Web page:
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Expand chart
Data: DRC Ministry of Health; Chart: Andrew Witherspoon and Harry Stevens/Axios

The deadly Ebola outbreak in the Democratic Republic of the Congo is likely to persist for another 6 months, according to Peter Salama, the World Health Organization's top expert on emergency preparedness and response.

Why it matters: The prediction, given in an interview with the University of Minnesota publication CIDRAP, would mean that the outbreak — should it be squelched by August — will have gone on for a full year. Health officials have never had to combat Ebola in such a complex environment, with security challenges slowing the disease response at times. In addition, the deadly virus has spread across a large expanse in eastern Congo, including urban and rural regions.

The big picture: Salama told CIDRAP that the myriad challenges facing health care workers is preventing them from getting the upper hand on the outbreak. As of Jan. 16, the world's second-largest Ebola outbreak had sickened 668, with a total of 418 fatalities.

"This is the most complicated setting we've ever experienced in order to stop an Ebola outbreak. At a minimum, it will take six further months to stop."
— WHO's Peter Salama, in an interview with CIDRAP News

Salama noted the progress made against the virus in Beni, which had been the epicenter of the outbreak.

  • However, it has spread to Butembo and Katwa, which are more heavily populated areas.
  • In addition to violence and political instability, the Ebola response effort has been slowed by community resistance to treatment, with many patients choosing to be treated at home rather than go to an Ebola clinic. The resistance could contribute to more cases, since caregivers who travel to patients' then risk getting sick.

Go deeper: Read Axios' full Ebola coverage.

Go deeper

Mike Allen, author of AM
9 mins ago - Politics & Policy

Biden adviser Cedric Richmond sees first-term progress on reparations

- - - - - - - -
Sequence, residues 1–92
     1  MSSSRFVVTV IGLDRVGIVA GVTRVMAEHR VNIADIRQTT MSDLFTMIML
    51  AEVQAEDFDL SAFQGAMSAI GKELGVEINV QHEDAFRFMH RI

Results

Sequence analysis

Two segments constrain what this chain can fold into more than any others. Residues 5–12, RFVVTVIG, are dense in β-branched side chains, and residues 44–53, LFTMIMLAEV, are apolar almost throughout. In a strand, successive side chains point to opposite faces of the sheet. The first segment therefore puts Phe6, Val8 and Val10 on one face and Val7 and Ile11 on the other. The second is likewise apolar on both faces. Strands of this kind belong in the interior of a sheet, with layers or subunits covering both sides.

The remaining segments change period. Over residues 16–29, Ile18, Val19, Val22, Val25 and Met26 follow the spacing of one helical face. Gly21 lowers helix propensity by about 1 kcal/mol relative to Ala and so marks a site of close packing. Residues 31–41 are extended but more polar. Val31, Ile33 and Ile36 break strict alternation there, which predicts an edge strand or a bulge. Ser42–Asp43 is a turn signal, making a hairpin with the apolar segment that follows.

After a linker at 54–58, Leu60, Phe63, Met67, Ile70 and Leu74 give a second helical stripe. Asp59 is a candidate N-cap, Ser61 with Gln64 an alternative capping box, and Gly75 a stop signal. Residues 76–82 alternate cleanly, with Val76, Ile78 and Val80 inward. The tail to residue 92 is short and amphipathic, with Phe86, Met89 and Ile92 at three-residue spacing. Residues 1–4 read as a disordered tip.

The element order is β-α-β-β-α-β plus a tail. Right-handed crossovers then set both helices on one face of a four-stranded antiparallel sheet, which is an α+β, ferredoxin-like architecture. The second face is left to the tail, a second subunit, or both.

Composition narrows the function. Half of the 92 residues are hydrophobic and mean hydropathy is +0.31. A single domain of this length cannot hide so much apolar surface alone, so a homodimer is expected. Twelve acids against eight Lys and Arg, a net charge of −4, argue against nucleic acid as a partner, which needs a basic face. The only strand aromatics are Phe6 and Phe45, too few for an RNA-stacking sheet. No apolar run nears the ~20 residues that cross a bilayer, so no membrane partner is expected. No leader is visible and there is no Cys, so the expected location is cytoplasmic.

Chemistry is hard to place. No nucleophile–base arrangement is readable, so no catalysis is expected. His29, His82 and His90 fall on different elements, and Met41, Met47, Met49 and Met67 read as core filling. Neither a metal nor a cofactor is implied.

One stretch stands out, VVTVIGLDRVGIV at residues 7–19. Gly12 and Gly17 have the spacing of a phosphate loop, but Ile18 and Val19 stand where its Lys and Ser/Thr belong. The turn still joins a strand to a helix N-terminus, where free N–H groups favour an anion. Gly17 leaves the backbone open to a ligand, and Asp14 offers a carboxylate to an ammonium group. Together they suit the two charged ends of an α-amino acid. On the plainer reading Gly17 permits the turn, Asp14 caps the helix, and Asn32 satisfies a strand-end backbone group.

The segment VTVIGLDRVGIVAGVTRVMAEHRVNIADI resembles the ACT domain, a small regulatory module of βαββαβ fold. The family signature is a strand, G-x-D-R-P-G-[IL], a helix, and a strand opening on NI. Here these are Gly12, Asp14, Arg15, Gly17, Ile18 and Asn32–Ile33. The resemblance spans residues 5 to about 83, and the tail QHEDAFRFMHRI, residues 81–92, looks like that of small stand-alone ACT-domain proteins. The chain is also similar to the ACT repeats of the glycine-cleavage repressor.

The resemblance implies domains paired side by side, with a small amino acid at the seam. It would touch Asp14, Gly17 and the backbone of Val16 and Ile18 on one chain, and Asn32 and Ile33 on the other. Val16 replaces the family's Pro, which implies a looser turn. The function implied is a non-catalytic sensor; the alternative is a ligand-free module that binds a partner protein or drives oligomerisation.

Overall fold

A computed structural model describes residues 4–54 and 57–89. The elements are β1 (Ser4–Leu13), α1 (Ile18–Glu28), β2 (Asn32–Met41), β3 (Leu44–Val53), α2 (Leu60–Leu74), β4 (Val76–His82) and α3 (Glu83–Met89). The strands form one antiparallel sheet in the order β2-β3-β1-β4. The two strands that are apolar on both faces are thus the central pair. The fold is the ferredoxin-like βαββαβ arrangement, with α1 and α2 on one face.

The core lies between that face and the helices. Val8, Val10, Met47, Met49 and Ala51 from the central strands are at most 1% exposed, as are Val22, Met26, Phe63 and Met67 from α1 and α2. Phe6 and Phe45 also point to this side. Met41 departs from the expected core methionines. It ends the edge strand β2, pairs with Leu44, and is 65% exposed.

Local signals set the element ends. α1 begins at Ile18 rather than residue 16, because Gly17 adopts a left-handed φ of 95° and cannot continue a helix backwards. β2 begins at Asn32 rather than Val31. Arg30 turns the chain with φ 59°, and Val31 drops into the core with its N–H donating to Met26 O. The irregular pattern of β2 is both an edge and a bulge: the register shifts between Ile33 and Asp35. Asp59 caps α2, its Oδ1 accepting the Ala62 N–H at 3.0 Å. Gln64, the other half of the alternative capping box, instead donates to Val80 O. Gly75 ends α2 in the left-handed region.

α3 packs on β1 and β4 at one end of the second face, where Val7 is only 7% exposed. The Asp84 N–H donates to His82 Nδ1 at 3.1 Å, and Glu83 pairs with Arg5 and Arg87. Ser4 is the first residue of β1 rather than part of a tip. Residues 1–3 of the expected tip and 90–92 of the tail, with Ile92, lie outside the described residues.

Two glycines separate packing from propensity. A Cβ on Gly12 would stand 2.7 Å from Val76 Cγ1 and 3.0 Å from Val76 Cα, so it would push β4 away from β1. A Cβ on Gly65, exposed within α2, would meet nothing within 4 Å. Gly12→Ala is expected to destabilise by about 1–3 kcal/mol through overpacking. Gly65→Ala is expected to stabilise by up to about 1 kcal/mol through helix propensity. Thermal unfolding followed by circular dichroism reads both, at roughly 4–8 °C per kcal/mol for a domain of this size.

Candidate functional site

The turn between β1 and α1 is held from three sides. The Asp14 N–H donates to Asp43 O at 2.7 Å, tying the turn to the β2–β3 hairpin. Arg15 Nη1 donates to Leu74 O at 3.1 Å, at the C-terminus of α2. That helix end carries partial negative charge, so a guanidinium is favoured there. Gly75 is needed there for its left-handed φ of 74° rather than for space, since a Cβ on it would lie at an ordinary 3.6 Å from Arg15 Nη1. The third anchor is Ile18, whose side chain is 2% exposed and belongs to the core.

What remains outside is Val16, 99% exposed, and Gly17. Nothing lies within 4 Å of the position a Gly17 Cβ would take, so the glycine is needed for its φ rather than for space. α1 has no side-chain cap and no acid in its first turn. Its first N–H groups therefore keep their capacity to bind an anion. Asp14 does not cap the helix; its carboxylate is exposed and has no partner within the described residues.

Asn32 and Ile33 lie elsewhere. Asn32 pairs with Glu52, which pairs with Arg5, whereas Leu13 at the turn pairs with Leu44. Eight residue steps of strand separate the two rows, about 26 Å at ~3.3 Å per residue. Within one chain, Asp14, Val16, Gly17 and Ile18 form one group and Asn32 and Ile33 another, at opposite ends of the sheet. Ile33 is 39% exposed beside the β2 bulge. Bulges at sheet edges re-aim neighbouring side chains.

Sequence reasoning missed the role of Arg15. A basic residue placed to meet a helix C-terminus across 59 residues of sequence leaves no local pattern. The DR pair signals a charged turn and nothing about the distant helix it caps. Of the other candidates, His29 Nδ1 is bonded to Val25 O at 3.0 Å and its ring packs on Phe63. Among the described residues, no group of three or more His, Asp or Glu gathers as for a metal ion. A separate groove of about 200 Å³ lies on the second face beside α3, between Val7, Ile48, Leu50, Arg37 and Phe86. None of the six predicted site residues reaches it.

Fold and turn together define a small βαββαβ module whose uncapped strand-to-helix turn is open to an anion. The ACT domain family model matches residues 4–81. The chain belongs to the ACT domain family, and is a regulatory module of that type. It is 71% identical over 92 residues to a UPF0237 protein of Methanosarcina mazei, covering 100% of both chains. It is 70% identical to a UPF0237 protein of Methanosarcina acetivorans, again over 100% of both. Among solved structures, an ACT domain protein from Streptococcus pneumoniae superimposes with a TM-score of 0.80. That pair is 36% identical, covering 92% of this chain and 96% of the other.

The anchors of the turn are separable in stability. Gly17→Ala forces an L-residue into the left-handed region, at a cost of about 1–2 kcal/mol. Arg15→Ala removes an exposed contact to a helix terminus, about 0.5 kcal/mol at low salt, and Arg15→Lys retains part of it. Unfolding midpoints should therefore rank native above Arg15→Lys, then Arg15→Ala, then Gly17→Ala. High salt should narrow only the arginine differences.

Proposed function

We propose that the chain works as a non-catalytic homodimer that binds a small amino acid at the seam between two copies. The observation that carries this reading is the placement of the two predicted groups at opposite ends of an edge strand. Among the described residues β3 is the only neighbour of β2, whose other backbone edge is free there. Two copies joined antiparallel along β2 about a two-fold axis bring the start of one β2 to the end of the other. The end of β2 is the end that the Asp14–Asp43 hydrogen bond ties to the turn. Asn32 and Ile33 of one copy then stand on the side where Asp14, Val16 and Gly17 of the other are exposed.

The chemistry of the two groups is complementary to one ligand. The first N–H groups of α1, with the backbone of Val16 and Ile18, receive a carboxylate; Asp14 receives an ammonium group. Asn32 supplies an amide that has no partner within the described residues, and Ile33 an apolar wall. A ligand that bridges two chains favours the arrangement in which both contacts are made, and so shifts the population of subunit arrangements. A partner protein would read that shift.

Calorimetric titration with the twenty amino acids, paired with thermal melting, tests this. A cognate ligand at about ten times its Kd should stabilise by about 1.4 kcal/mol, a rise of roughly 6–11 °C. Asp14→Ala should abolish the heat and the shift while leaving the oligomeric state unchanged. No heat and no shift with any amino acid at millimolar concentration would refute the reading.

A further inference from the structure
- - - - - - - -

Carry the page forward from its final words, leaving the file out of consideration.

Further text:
Illustration: "Axios on HBO"

White House senior adviser Cedric Richmond told "Axios on HBO" that it's "doable" for President Biden to make first-term progress on breaking down barriers for people of color, while Congress studies reparations for slavery.

Why it matters: Biden said on the campaign trail that he supports creation of a commission to study and develop proposals for reparations — direct payments for African-Americans.

Cyber CEO: Next war will hit regular Americans online

Any future real-world conflict between the United States and an adversary like China or Russia will have direct impacts on regular Americans because of the risk of cyber attack, Kevin Mandia, CEO of cybersecurity company FireEye, tells "Axios on HBO."

What they're saying: "The next conflict where the gloves come off in cyber, the American citizen will be dragged into it, whether they want to be or not. Period."

Cedric Richmond: We won't wait on GOP for "insufficient" stimulus

Top Biden adviser Cedric Richmond told "Axios on HBO" the White House believes it has bipartisan support for a stimulus bill outside the Beltway.

  • "If our choice is to wait and go bipartisan with an insufficient package, we are not going to do that."

The big picture: The bill will likely undergo an overhaul in the Senate after House Democrats narrowly passed a stimulus bill this weekend, reports Axios' Kadia Goba.